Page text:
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The Honeybee and the Maple Tree



The Honeybee and the Maple Tree have an interesting relationship. In the very early spring when the perfect combination of freezing nights and warm days allow, the maple tree runs sap.



All of our North American maples produce a sweet sap in the spring. The Sugar Maple-Acer saccharum is the most famous. Sugar Maple has the highest sugar content and is the most efficient source for sap to make Maple Syrup. Red maples and Silver Maples are the other two large maple species that are most familiar to us and likely to produce sap for the bees. Sap harvest by humans is done by drilling a hole through the bark of the tree and inserting a spout called a spile to direct the sap into a bucket. These buckets are then emptied into a large cauldron and the water is boiled off to concentrate the sugars. Depending on the season and the quality of the sap, the resulting syrup can range from honey colored to nearly black. The flavor varies a little according to color with the darker syrup being stronger.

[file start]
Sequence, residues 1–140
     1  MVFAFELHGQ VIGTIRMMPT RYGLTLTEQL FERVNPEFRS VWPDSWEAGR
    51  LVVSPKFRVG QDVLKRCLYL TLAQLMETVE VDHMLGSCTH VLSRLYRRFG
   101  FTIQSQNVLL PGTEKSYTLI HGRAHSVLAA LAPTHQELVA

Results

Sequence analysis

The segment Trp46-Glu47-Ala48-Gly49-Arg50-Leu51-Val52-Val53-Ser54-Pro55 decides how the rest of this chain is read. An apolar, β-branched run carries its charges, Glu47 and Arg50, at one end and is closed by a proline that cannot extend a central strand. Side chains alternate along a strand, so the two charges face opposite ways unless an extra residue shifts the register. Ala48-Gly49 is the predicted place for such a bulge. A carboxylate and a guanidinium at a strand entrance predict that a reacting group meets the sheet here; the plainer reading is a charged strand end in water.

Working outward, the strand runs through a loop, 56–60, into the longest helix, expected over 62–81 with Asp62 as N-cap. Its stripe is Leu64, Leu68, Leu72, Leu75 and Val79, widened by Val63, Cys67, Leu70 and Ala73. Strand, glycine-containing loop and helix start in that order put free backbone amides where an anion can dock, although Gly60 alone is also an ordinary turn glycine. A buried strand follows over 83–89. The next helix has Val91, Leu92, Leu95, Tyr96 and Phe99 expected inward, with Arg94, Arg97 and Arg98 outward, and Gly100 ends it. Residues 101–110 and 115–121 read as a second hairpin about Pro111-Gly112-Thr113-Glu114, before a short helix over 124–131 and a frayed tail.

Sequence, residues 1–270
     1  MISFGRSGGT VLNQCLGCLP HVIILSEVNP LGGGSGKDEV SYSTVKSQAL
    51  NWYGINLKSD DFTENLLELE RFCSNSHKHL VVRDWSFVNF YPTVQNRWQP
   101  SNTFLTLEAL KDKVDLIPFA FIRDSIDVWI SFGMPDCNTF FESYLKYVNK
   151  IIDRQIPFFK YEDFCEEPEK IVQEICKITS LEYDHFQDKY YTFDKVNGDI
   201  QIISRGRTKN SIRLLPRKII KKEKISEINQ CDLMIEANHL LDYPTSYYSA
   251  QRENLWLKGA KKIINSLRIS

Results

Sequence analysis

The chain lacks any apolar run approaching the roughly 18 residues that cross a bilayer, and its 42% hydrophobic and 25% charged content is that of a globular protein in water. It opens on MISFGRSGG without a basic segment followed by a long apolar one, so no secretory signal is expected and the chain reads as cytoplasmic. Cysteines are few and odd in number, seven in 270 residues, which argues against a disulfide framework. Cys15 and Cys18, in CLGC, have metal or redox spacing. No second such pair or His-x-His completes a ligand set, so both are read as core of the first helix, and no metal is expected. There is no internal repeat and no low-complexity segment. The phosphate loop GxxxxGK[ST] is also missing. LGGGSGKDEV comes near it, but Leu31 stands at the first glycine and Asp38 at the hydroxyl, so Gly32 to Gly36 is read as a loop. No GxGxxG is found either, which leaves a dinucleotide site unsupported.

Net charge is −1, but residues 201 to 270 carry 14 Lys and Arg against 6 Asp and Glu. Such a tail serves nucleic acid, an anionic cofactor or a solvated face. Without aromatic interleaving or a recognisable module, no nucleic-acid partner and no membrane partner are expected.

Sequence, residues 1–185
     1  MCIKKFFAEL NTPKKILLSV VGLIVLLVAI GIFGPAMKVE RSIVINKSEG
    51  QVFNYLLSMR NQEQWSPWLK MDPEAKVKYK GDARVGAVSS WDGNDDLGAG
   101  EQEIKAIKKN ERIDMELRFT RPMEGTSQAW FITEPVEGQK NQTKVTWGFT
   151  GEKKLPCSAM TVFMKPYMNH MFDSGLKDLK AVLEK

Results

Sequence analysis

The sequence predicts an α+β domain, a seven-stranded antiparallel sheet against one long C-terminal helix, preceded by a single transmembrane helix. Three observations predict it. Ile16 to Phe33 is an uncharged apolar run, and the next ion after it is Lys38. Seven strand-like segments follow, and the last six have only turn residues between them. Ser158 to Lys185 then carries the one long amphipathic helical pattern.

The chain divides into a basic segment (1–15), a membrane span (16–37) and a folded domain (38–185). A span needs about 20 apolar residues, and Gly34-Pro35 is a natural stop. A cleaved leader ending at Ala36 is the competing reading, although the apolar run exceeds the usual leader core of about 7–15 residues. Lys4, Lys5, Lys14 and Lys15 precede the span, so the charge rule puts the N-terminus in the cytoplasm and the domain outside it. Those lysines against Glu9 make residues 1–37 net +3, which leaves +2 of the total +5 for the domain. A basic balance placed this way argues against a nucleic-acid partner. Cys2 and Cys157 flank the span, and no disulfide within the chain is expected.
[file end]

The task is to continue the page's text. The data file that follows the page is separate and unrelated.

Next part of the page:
Regardless of the flavor or color, the honey bee enjoys the high concentration of sugar sap as well as the pollen produced by maple trees. As the days start to get longer in length and with the increased amounts of maple sap and pollen coming into the hives it triggers the queen to ramp up brood production because the new honey season is about to begin!

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